LAWRENCE, Kan. -- James Sims rushed for 211 yards and three touchdowns and Kansas snapped a 27-game Big 12 losing streak Saturday with a 31-19 victory over West Virginia.
Thousands of fans stormed onto the field embracing players and coaches and eventually tearing down the south goalpost.
Sims, who recorded a career-high on 22 carries, broke runs of 62 and 68 yards while Kansas (3-7, 1-6 Big 12) ended a Big 12 drought that had lasted more than three years. Winds gusting near 50 MPH kept plastic bags and autumn leaves tumbling across the field as the sparse crowd witnessed Kansas' first conference victory since a come-from-behind win over Colorado on Nov. 6, 2010.
It was just the second Big 12 win in 40 games for the Jayhawks, who had fired two coaches and plunged back into deep mediocrity after winning the 2008 Orange Bowl.
West Virginia (4-7, 2-6), which wasn't even a Big 12 member when Kansas notched its previous conference win, took a 7-0 lead on its first possession, a long drive against the wind. But the Mountaineers were unable to generate anything more until two meaningless touchdowns with less than 5 minutes to play.
The Jayhawks, who came into the game 117th in the NCAA in total offense and 116th in scoring, rushed for 315 yards against a Mountaineer unit ranked No. 100 in total defense.
With the Jayhawks trailing 7-3 midway through the second period, Sims broke a tackle at the line of scrimmage and fled 62 yards down the sideline to the 10. A minute later, he went over from the 3. Then with 28 seconds left in the first half, the 6-0, 200-pound senior bolted through a big hole and went 68 yards virtually untouched, giving him 14 100-yard rushing days, No 2 on the school's all-time charts. At 17-7, the Jayhawks had their first halftime lead since the season opener.
When Sims powered his way into the end zone from three yards out to make it 24-7 following a West Virginia turnover in the third period, it was Kansas' biggest lead over an FBS opponent since mounting a 21-point advantage against Baylor in 2011.
Paul Millard was for 23 for 42 for 242 yards and two touchdowns in his third start for the Mountaineers but also threw two disastrous interceptions.
On a first down from the Kansas 30, he fired the ball right into the arms of Ben Goodman standing near the line of scrimmage. Goodman rambled 54 yards until Millard pushed him out at the 14. After Montell Cozart went around right end for 7 yards, Sims scored his third TD. Then Ben Heeney intercepted Millard's pass in the fourth quarter and returned it 28 yards to the 1, setting up Brandon Bourbon's touchdown plunge.
The Mountaineers, who were making their first trip to Lawrence, drove 75 yards with their first possession and scored on Charles Sims' 12-yard catch-and-run from Millard. Millard threw a 3-yard touchdown to Kevin White with less than 5 minutes to play. With 28 seconds left, Charles Sims scored on a 6-yard run for the Mountaineers.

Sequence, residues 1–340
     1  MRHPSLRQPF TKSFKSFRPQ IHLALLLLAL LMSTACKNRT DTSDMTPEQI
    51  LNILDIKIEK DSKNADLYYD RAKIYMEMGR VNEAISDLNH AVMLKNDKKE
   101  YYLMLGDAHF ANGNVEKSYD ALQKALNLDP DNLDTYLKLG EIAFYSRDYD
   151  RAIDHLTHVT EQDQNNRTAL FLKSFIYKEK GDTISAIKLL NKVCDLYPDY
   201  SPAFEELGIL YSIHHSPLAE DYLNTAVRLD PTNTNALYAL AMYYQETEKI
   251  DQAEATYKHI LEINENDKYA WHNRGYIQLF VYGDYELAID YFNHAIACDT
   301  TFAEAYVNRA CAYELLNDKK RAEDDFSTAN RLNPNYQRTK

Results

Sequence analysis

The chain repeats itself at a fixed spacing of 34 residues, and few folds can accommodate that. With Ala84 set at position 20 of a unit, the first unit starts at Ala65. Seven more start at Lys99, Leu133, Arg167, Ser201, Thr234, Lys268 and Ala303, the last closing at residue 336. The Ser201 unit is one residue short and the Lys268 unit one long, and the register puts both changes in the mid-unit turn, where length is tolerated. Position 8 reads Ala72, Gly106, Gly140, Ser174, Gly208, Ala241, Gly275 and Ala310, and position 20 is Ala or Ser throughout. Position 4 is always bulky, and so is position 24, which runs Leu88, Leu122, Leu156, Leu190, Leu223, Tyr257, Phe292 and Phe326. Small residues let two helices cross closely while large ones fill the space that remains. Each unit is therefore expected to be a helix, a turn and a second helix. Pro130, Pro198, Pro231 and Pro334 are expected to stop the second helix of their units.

Notre Dame, college football realignment and the power of independence
The Fighting Irish remain committed to staying independent, and they have the resources and brand name to thrive that way. But if Texas and Oklahoma to the SEC is only the first domino of a reshaping in college football, could that change?
Position U: Which schools produce the most college football talent at each position?
Oklahoma remains QBU, but who makes the Sooners' Mt. Rushmore of signal callers? And which schools produce the best at the other positions? ESPN Stats & Info crunches the numbers to let us know.
Top 15 overall prospect Jaheim Singletary decommits from Ohio State Buckeyes
Cornerback Jaheim Singletary, the No. 15 prospect overall, decommited from Ohio State on Sunday.
Clemson Tigers CB Fred Davis II charged after driving 115 mph in 55-mph zone, crash that injured postal worker
Clemson cornerback Fred Davis II has been charged with misdemeanor reckless driving for allegedly driving 115 mph in a 55-mph zone and seriously injuring a postal worker in a July 21 crash.
Najee Harris compares Alabama fans to Steelers fans
Najee Harris says he feels that the intensity of Steelers fans is on a completely different level than Alabama fans.
NCAA sets timetable for dramatic overhaul of how it governs collegiate athletics
The NCAA board of governors is hoping to address the institution's governance of collegiate athletics at a constitutional convention in November with the goal of launching dramatic reform as early as January.